Over the course of his life, Lawrence Palmer “Larry” Brown was expelled from school, married and divorced his first wife twice, survived a gas attack in World War I, worked in the film industry and married a Hollywood star. Striving to emerge from the shadows cast by his famous parents, Larry succeeded in blazing his own winding trail through the world.

Larry was born in Margaret’s hometown of Hannibal, Missouri on August 30, 1887. When the family moved from Leadville to Denver in 1894 Larry and his sister Helen attended Sacred Heart College, a prestigious Catholic school. His parents then sent him to

Family Photo

The Brown Family: 1906, Last International Trip as a Family.  Sailed on the Lusitania during its maiden year on the Atlantic.

the Phillips Exeter Academy, a prep school in Pennsylvania. J.J. and Margaret hoped he would attend Yale, while Larry wanted to go to the Colorado School of Mines, one of the top mining schools in the country.

Both sets of plans were disrupted when several of Larry’s traveling companions “went on a spree” during the journey back to school after Christmas. The entire group was eventually expelled. When Larry returned to Denver and informed his father, the two got into an altercation that resulted in Larry spending a night in jail. Larry expressed remorse, telling a reporter “My, but I regret this affair. I can hardly think of facing mother. I am very fond of her and sis, and they will suffer the most for what has occurred” (Iversen, 157).

Larry compounded his father’s disappointment when, rather than return to school, he decided to marry Eileen Horton, a Kansas City socialite. While Margaret was fond of Eileen, both she and J.J. thought Larry should wait and establish himself before starting a family. When Larry and Eileen were married in Kansas City on January 11, 1911 neither J.J. nor Margaret attended the ceremony. Angered by his son’s disobedience, J.J. cut Larry off from the family fortune.

After a honeymoon in Leadville, Larry and Eileen moved to Victor, Colorado, where he took a job as a day miner. Their son Lawrence Palmer, Jr., called “Pat,” was born in November 1911. Always eager for a sensational story, the Denver press characterized the family’s situation with the headline “Rich Man’s Son Toils in Mine to Feed Wife and Baby.” Eileen hoped Larry would give up mining for his health and safety, and with her encouragement he began to take correspondence courses. Meanwhile J.J., impressed with Larry’s efforts to make his own way in life, began sending small installments from his trust fund. Larry still struggled to find a steady career, and the family moved frequently. The couple had their second child, Eileen Elizabeth “Betty” Brown, in 1913 in California. By 1915 however, the strain of constant moves and uncertain employment led Eileen and Larry to divorce. Larry returned to Colorado and finally enrolled at the School of Mines.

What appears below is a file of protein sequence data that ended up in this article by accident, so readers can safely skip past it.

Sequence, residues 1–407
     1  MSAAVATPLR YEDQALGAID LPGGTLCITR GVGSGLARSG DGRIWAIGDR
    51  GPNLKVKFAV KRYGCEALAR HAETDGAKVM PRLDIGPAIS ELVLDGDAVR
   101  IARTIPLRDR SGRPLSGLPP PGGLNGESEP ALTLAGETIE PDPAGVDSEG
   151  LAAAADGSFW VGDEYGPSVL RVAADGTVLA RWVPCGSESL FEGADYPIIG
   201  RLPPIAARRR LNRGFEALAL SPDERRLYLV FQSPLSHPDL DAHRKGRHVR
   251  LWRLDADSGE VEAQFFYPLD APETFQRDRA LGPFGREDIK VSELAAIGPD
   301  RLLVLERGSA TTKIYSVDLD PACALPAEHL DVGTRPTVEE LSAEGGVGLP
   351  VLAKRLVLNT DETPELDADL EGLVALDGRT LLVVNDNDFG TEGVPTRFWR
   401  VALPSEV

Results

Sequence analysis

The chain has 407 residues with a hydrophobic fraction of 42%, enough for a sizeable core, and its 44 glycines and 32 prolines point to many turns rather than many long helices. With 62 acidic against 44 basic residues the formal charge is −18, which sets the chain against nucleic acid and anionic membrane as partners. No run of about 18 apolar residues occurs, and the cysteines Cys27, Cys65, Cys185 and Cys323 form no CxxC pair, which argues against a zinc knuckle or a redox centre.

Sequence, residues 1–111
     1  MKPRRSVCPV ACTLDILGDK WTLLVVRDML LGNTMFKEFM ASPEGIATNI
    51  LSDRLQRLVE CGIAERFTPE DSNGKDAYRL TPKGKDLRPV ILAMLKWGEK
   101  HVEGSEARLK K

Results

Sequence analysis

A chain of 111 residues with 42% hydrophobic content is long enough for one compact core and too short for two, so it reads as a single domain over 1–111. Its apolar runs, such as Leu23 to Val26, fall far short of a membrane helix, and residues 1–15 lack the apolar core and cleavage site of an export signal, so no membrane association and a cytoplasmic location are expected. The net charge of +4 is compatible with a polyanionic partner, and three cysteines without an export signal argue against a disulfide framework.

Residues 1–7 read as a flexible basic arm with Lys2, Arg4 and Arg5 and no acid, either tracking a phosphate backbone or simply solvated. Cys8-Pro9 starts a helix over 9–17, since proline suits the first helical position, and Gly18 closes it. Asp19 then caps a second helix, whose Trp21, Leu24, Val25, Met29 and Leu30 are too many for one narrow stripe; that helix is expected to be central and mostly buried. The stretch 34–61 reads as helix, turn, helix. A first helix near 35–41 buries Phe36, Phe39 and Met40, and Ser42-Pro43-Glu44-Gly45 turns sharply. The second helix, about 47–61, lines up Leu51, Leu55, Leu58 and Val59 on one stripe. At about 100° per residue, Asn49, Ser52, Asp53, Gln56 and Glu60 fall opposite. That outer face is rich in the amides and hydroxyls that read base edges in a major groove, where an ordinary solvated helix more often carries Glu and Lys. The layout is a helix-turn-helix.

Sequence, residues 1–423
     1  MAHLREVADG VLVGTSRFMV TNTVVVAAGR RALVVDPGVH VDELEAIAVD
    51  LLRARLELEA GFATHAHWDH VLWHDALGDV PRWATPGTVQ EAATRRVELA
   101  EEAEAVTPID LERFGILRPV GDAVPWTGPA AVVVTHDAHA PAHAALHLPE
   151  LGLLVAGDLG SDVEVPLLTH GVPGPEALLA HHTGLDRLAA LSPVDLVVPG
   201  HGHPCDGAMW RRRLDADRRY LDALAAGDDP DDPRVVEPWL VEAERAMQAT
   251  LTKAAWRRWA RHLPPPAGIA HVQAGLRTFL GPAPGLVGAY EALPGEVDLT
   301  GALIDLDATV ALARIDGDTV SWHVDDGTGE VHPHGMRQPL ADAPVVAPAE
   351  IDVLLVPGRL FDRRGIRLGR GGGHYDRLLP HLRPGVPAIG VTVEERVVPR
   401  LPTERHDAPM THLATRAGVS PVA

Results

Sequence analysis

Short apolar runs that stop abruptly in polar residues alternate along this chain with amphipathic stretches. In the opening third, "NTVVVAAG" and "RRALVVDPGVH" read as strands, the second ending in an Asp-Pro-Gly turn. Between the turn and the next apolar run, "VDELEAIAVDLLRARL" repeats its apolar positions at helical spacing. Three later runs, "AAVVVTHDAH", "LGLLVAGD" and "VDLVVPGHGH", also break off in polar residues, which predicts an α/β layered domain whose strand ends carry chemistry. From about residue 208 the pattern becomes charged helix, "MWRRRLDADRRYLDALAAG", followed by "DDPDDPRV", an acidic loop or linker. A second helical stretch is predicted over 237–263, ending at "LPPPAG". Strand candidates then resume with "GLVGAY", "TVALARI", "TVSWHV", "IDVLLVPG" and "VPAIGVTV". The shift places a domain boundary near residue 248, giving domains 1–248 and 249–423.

When the United States entered World War I in 1917, Larry decided to enlist, and quickly

Larry in uniform

Larry Brown in World War I

found he was well suited to military life. While training at Fort Sheridan he “attracted attention for his competency in military manners and enthusiasm” (Iversen, 213). He became a captain with the 117th Infantry and was sent to France with the American Expeditionary Force. Just before he departed for Europe, he and Eileen remarried.

While serving in France, Larry retained his enthusiasm for the army, but also experienced the deprivations of war. “I am working harder than I ever did in my life, and at that I am enjoying it all more than I have ever enjoyed anything,” he wrote his mother from the battlefields of Ypres in August 1918. Yet he also admitted “I become intensely lonely at times” (Iversen, 214). A month later, while fighting at the German fortifications of the Hindenburg line, Larry was hit with mustard gas. He managed to recover after two months at the hospital, but his active duty career had ended. He was decorated for his role in breaking the Hindenburg line, and was honorably discharged in January 1919.

When J.J. died in 1922, a lengthy and contentious court case arose between Margaret and her two children over how the estate was to be distributed. A settlement in 1926 finally placed $100,000 in trust for Margaret and another $100,000 for the children. Shortly thereafter, Larry and Eileen divorced a second time.

Larry found his way back out to California, where he worked for John Gorman Pictures studio as a general manager in the silent film industry. He met the Hollywood actress Mildred Gregory, and the two were married on November 17, 1926 in Beverly Hills.

Though his relationship with his mother had soured after the estate dispute, when Margaret died in 1932 Larry asked that the funeral be postponed so he could attend. After moving back to Leadville in 1935, he joined the board of the Leadville Historical Association, and eventually became the Director of the Colorado Mining Association. Throughout his later years he tried to prevent the distortions of his mother’s image created by Hollywood and the press but was largely unsuccessful. In 1949 Larry succumbed to pneumonia and passed away at the age of 61. He left a collection of family materials to the Colorado Historical Society, with the condition that they not be opened for 25 years. When the collection was finally opened and sorted in 1978, it provided a more accurate picture of Margaret and the rest of the Brown family, helping Larry achieve his goal of repairing the family’s legacy years after his death.

Written by Education Intern, Jacob Wipf


Iversen, Kristen. Molly Brown: Unraveling the Myth. Boulder, CO: Johnson Books, 1999.

“Lawrence Palmer “Larry” Brown.” Find a Grave. http://www.findagrave.com/cgi-bin/fg.cgi?page=gr&GRid=105813936.